1926-04_houndsWithin hours, Austria declares war on Serbia. Within days England is sucked into the conflict.

Colin Russell, the elder Renner daughter’s fiancé, enlists. Two months later, he’s on the front lines in France.

Colin and Zina plan to marry when he gets his first leave. Before then, Colin is declared missing, believed dead.

John Renner, his mother’s favorite child, joins the R.N.A.S. He is shot down over France.

Deadened by her loss and feeling her mother cared for more John than for her, in 1918 Zina marries a man she doesn’t love rather than face the future alone.

While Zina is on her honeymoon, her father intercepts a telegraph message for her: Colin is alive.

Sir Edgar goes to Paris immediately.

When he learns that Zina didn’t wait for his return, Colin says, “So this is war.”

Sylvia Thompson’s quietly stunning novel about an English family whose lives were soaked by the social and political sea changes of 1914-1924 deserves to be rediscovered and reread by a new generation.

©2016 Linda Gorton Aragoni

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After I finished The Secret of Santa Vittoria, I couldn’t help thinking that I must have seen the film version and not remembered it.

Robert Crichton’s novel, however, is not soon forgotten.


The Secret of Santa Vittoria by Robert Crichton

Simon and Schuster, 1966, 447 pp. 1966 bestseller #3. My grade: B+.


1966-03_santavittoria_200With Mussolini’s death, the remote mountain town of Santa Vittoria expects to be plundered by the German army before being liberated by the Allies.

Santa Vittoria has only one asset: its wine.

Bombolini, the clownish wine merchant and student of Machiavelli, steps up to save the day.

Bombolini becomes Mayor by giving away free wine.

But his real genius is in organizing the entire town to hide a million bottles of wine within an arm’s length of the Germans.

Determined to prove he and his seven German soldiers can subdue an entire town without bloodshed, Captain von Prum swallows Bombolini’s bait every time.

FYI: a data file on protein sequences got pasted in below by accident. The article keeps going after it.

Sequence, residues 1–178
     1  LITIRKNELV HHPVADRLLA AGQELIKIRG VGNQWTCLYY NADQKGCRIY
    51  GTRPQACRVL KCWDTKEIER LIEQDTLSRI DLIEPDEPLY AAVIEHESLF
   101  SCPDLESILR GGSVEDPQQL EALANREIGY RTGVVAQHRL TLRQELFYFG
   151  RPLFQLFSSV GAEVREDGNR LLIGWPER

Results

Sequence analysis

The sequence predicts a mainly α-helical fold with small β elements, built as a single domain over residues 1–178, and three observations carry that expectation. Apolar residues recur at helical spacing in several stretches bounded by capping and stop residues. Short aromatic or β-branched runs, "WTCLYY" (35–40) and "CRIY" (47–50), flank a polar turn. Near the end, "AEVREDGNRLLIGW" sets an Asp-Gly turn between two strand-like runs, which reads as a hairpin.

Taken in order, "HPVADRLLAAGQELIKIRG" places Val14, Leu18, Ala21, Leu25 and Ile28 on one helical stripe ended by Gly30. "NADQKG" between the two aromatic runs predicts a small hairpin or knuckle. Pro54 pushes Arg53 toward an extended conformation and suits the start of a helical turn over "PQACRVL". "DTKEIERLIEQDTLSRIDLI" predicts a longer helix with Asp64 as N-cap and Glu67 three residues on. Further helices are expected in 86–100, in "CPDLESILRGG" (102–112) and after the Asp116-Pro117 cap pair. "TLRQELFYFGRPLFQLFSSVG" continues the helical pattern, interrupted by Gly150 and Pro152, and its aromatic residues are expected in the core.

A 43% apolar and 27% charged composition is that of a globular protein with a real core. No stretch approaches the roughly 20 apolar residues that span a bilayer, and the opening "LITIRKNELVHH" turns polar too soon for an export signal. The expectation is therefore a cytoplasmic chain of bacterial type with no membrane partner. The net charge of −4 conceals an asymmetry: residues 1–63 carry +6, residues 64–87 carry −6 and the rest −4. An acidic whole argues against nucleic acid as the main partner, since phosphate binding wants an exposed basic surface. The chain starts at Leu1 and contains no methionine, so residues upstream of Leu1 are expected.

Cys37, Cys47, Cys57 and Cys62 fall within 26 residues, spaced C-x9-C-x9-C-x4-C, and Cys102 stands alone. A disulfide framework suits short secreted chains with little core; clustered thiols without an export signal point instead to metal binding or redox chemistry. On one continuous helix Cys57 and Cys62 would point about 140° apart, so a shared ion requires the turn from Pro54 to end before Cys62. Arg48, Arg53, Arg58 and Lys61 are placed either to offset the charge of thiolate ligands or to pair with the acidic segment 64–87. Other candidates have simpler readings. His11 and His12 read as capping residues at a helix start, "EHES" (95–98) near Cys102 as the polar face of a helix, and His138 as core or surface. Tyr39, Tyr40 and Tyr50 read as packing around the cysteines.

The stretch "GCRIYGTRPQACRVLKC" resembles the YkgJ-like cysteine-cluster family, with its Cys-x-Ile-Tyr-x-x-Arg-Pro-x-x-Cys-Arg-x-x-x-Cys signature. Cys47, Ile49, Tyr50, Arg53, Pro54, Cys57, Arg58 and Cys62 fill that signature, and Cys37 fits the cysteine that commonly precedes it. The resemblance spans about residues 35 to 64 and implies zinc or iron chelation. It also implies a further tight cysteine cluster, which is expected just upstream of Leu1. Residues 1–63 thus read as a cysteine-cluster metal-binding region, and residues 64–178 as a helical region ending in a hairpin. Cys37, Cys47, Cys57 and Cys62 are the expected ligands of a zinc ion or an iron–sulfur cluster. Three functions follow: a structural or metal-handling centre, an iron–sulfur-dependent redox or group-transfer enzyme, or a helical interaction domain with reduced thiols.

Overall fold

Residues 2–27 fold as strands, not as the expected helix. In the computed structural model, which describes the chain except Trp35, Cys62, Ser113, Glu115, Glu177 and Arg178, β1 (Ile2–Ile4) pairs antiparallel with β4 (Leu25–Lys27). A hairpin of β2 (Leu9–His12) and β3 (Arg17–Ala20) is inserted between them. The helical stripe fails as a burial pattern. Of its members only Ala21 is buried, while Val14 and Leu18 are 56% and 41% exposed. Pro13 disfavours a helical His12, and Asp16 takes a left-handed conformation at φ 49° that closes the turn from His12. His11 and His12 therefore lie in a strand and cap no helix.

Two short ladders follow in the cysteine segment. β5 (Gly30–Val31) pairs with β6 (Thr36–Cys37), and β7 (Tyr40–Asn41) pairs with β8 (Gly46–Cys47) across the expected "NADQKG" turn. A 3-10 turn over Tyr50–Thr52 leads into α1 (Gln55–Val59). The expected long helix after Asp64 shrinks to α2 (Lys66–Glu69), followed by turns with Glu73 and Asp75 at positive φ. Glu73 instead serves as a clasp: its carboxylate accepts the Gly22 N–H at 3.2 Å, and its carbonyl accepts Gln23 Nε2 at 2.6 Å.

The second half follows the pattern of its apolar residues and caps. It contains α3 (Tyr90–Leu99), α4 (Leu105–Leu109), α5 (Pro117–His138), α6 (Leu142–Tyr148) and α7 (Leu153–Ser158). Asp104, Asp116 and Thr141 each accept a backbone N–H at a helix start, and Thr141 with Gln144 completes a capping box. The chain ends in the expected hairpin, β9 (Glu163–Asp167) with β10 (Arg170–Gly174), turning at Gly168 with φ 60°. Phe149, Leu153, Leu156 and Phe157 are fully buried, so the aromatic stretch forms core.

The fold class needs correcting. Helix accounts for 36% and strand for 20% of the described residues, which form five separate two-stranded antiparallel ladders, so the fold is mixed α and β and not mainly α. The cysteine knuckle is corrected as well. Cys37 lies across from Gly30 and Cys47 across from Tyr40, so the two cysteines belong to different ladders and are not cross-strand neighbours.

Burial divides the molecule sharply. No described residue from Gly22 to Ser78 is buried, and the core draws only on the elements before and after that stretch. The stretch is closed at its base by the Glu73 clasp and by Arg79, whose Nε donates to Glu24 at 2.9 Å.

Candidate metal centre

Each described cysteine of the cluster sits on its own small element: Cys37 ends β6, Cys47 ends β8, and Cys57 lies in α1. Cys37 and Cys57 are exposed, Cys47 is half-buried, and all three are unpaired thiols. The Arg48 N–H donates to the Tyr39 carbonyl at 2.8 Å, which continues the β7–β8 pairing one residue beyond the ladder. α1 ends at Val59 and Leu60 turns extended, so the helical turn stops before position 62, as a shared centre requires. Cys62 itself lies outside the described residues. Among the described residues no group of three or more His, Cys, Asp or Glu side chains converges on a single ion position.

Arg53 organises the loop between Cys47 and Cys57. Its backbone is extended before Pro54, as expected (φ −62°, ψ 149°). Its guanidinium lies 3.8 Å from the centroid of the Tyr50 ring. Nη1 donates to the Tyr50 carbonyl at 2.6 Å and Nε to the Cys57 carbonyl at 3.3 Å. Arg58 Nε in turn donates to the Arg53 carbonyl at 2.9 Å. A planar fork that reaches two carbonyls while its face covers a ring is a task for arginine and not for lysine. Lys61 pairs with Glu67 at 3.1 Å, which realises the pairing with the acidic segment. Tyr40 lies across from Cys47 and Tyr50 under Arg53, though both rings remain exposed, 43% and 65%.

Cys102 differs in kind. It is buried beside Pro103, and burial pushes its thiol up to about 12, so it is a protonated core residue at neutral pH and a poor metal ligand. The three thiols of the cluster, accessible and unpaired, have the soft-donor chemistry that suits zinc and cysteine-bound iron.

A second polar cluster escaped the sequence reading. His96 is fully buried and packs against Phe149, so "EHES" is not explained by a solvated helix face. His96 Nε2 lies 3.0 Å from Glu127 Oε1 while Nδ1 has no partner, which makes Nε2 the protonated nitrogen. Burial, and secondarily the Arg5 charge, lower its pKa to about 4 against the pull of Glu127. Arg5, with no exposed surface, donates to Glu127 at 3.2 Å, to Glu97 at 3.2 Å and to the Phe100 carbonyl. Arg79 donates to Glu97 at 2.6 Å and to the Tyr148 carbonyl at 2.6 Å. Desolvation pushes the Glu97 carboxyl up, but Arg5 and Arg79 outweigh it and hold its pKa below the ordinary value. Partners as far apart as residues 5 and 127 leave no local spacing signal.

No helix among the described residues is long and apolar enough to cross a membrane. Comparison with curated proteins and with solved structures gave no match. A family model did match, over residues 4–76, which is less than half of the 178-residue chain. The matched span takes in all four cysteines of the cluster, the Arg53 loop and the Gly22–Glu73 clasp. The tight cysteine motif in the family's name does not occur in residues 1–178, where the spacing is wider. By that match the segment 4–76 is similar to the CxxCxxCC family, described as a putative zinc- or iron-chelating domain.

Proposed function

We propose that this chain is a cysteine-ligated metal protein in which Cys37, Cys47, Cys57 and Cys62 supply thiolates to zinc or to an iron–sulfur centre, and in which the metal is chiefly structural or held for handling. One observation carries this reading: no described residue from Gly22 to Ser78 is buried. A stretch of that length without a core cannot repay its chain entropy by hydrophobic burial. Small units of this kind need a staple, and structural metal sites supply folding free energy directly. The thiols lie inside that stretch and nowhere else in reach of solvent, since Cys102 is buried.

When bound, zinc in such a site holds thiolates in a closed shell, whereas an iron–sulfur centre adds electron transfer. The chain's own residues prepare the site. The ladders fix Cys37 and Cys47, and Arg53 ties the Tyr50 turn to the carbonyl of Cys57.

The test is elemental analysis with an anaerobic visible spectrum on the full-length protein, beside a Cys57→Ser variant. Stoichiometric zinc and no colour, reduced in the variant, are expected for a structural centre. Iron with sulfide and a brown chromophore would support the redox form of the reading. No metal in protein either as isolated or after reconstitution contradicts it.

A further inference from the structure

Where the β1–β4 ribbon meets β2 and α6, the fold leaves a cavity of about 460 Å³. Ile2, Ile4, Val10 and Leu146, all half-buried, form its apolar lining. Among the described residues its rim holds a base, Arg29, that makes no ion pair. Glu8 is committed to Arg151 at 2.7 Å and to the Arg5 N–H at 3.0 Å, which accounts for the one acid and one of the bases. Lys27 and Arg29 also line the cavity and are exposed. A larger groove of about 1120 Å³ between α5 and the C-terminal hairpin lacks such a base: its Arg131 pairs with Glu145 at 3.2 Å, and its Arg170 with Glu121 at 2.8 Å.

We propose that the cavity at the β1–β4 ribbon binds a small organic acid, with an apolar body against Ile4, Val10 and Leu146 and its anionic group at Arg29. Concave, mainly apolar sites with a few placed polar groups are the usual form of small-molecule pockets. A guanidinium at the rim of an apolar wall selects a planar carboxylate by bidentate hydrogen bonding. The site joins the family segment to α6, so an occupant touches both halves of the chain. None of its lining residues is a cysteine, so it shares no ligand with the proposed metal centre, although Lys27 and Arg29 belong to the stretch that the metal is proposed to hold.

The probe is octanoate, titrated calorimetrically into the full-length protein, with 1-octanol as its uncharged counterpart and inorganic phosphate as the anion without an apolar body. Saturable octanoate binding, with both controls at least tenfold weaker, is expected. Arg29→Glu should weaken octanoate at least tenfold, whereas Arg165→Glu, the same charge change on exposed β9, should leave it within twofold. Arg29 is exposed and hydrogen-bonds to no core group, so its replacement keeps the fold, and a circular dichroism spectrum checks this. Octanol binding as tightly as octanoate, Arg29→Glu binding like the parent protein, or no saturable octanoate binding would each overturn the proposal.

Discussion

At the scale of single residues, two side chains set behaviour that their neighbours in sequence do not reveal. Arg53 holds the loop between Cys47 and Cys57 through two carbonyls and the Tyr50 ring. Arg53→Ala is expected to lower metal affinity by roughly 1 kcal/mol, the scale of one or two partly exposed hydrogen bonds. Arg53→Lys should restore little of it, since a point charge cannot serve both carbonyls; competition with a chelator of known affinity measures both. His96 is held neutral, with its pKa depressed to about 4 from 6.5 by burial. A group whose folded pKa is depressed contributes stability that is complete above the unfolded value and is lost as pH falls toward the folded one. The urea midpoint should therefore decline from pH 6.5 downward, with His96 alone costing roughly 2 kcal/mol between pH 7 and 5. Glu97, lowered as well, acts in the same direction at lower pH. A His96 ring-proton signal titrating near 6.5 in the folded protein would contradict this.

Though a thousand people know the secret, no one tells, not even under torture by the SS.

The result is a story that swings like a bloody pendulum from farce to horror.

The funny parts are almost vaudevillian.

The horrifying parts are nauseating.

And all of The Secret of Santa Vittoria is so ridiculously, stupidly human that the novel seems perfectly plausible.

© 2016 Linda Gorton Aragoni

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The Ambassador is the second and the best of the 1965 bestsellers about America’s war in Vietnam.

Unlike Robin Moore, who focuses on soldiers, Morris L. West focuses on the policymakers who set in motion events that ended in body bags.

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The Ambassador by Morris L. West

William Morrow, 1965. 275 pages . 1965 bestseller #9. My grade: A.


Ambassador Maxwell Amberley is transferred from Japan to Saigon to deal with the uncooperative South Vietnamese president who would prefer Americans gave him money and let his government fight the Viet Cong.

America is ready—eager, even—for Cung’s generals to overthrow him.

Amberley finds he likes Cung, admires the man’s managerial skills, and envies his moral compass.

But Amberley must represent his government, which is committed to military action and short-term solutions.

Through his fictional account, West is able to show a complex maze of political interests that cannot merge even when they intersect, because their cultural mindsets are diametrically opposed.

West avoids facile characterization. His men and women are complicated people, facing difficult decisions.

Ultimately, American policy in Viet Nam fails because individuals fail to make a morality a habit.

Ambassador Amberley says the words that unleash a coup, make the U.S. party to an assassination, and assures that the war will drag on for many more years.

©2015 Linda Gorton Aragoni

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Robin Moore started out to write a nonfiction account of the undercover work of the Green Berets.

When it became clear the special missions in which they engaged in Vietnam were too sensitive to be reported, even in disguise, Moore decided to present the book as fiction. Even then, its publication met with negative reaction from the US Army.


The Green Berets by Robin Moore

Crown Publishers, 1965. 348 pages. 1965 bestseller #5. My grade: C-


From dust jacket cover for The Green Berets by Robin MooreCalling The Green Berets a novel is also a work of fiction.

It’s a collection of stories—the publisher calls them “brilliant, inspiring tales”— Moore collected and imaginatively expanded based on his experiences with Special Forces in Vietnam.

Moore assumes readers will know the historical background  and geography and need only modest two-page glossary of acronyms to make sense of events that involve characters named Hin and Hon, Ming and Mong, who fight for or against CIDG, ARVN, LLDB, USOM or STRAC.

I suspect the only readers today who have that kind of knowledge are Vietnam-era veterans.

Moore concludes the book by saying that regardless of the outcome of the Vietnam war, Special Forces will continue to “make friends for America” in underdeveloped nations.

Given the stories Moore tells, however, I suspect Special Forces will need to deploy a lot more chocolate bars to accomplish that.

© 2015 Linda Gorton Aragoni